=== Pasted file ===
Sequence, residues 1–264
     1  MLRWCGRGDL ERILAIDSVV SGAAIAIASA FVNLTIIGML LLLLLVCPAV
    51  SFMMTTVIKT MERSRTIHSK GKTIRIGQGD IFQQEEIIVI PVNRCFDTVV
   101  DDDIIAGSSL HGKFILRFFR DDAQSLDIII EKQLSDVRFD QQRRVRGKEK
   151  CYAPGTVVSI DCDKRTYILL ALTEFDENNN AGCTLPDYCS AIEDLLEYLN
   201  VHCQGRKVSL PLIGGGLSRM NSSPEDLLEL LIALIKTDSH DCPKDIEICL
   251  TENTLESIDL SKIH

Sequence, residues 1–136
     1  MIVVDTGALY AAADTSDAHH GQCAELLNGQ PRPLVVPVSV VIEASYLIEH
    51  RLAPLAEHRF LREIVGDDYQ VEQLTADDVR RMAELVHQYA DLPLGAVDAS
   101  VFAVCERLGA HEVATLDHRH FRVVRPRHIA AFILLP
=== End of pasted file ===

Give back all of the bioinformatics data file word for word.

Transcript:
Sequence, residues 1–264
     1  MLRWCGRGDL ERILAIDSVV SGAAIAIASA FVNLTIIGML LLLLLVCPAV
    51  SFMMTTVIKT MERSRTIHSK GKTIRIGQGD IFQQEEIIVI PVNRCFDTVV
   101  DDDIIAGSSL HGKFILRFFR DDAQSLDIII EKQLSDVRFD QQRRVRGKEK
   151  CYAPGTVVSI DCDKRTYILL ALTEFDENNN AGCTLPDYCS AIEDLLEYLN
   201  VHCQGRKVSL PLIGGGLSRM NSSPEDLLEL LIALIKTDSH DCPKDIEICL
   251  TENTLESIDL SKIH

Sequence, residues 1–136
     1  MIVVDTGALY AAADTSDAHH GQCAELLNGQ PRPLVVPVSV VIEASYLIEH
    51  RLAPLAEHRF LREIVGDDYQ VEQLTADDVR RMAELVHQYA DLPLGAVDAS
   101  VFAVCERLGA HEVATLDHRH FRVVRPRHIA AFILLP